There Are No Petty Sins

Sermon on Holy and Great Wednesday

In the name of the Father, and of the Son, and of the Holy Spirit!

Today, on Holy and Great Wednesday, we recall two events described in the Gospel. These are the anointing of the Lord with myrrh by the woman who led a sinful life, and the betrayal of Judas. These two episodes are often contrasted in liturgical texts. On the one hand, here is a former sinner who repented; on the other hand, here is a disciple who betrayed the Savior.

Judas’ Kiss. Giotto. 1303–1305. A fragment of a fresco at the Scrovegni Chapel in Padua (Italy) Judas’ Kiss. Giotto. 1303–1305. A fragment of a fresco at the Scrovegni Chapel in Padua (Italy)     

The personality of Judas has always attracted the special attention of Orthodox theologians, various thinkers, philosophers, and artists. Indeed, how did it happen that the Lord chose a man as His disciple though He knew perfectly well that that man would betray Him? Or why did this man, who obsessed with the passion of love of money had betrayed Christ, then felt remorse, threw away the thirty pieces of silver, and hung himself, unable to bear the terrible pangs of conscience? These are all questions that are not so easy to answer.

Over 2,000 years, theologians, artists, and others have answered these questions in different ways… There have even been absolutely horrible, almost insane thoughts about this, yet there have also been very sober and wise arguments. Anyway, the story of Judas gives us all a very important lesson to learn.

Throughout the Gospel narrative, we see that Judas especially loved money and was enslaved by the passion of love of money. The Lord noticed this and knew that Judas stole funds from the money-box (of which he was in charge) where donations were stored, knew about the sinful passion of His disciple, but at the same time He was patient and waited for Judas to reform. But just the opposite happened: Judas became more and more engrossed in his passion, and as a result of this vice, which may seem “insignificant” and “petty” (one can argue that “many people love money”) Judas was led to stealing, then to betraying Christ Himself, and eventually, to suicide. And this shows us how dangerous each passion is, even a seemingly petty one, and what terrible consequences it can have.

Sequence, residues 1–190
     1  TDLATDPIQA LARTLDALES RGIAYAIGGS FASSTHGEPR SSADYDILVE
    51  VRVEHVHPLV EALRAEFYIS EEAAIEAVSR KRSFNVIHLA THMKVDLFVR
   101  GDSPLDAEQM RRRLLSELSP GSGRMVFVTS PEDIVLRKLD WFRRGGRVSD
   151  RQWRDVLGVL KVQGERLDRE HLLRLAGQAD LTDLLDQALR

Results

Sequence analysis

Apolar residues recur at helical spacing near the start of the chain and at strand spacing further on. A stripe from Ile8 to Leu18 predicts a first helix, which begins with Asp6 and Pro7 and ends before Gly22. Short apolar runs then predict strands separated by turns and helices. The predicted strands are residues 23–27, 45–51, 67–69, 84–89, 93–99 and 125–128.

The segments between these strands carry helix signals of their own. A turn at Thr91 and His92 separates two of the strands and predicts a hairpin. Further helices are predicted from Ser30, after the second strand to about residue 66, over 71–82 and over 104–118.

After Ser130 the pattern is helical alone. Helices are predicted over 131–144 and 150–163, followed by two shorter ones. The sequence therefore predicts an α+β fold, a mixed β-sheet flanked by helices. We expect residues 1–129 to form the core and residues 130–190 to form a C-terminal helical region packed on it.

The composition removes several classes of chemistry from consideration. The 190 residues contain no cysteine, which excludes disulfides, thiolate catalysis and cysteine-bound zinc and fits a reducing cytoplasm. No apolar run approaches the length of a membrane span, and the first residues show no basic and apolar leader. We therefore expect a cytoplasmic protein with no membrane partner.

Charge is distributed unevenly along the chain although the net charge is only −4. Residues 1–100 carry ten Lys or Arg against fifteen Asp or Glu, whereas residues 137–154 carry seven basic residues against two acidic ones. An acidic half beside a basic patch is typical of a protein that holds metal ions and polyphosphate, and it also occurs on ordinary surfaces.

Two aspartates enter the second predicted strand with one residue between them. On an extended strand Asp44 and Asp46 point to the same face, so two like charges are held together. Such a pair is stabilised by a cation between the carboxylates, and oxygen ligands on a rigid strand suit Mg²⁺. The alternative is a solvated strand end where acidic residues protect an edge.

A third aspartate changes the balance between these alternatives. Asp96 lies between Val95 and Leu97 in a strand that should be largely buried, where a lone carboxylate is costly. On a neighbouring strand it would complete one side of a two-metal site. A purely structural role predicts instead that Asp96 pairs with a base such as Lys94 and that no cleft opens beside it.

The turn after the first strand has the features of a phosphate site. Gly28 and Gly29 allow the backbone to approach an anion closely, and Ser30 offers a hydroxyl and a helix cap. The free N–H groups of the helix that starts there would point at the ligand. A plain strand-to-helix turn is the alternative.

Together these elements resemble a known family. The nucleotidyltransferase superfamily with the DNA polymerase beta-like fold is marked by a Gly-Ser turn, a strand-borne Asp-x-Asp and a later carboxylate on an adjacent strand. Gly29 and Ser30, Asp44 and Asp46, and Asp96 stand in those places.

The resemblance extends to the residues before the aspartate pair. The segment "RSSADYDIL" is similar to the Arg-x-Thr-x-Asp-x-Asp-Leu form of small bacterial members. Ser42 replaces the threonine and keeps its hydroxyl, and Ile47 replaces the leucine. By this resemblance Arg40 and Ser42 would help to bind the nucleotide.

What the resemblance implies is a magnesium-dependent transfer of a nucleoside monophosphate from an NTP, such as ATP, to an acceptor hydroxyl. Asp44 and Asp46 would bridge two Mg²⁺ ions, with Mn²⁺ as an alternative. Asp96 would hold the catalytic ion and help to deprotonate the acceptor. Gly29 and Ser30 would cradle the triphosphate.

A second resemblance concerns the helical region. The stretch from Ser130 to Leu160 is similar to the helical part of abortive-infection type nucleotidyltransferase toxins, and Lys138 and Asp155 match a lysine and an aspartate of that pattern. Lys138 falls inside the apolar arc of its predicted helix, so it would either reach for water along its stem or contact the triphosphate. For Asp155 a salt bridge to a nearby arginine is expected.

​The Betrayal of Judas. Fragment of a seventeenth century fresco ​The Betrayal of Judas. Fragment of a seventeenth century fresco     

If we open Patristic works, which describe various sins and passions, we can see that the Holy Fathers described every sin as the worst, the greatest, most terrible sin in the world, and that you cannot be saved if you are obsessed by this vice. It was said about pride, love of money, judging, gluttony, envy, and so on. Whatever sin you take, it is called the most destructive. And that is absolutely true, because the most dangerous sin is the one that we have neglected, about which we thought, “Well, never mind! There’s nothing so bad about it.” Any such sin can ultimately grow into a violent passion and destroy us. That is in fact what happened to Judas.

Of course, it is very important for us to examine our lives thoroughly: Are there any sins that we, God forbid, have totally neglected? It is extremely difficult to rid ourselves of all passions completely, and if we do succeed in this, it will not happen immediately. But the most important thing is to move in this direction so that there can be no sin (not even a petty one) in our lives about which we would say, “It’s nothing to worry about!” Today we see very clearly what consequences this can lead to, as was the case with the Apostle Judas.

Let us take heed concerning this. Let us ask God to help us see our sins, as we have read today (for the last time this year) in the Prayer of St. Ephraim the Syrian, that these sins might be obvious to us, that we might strive to war against them as much as we can without neglecting them, and that they will not destroy us or deprive us of the Heavenly Kingdom. Amen.

Hieromonk Athanasius (Deryugin)
Translation by Dmitry Lapa

Sretensky Monastery


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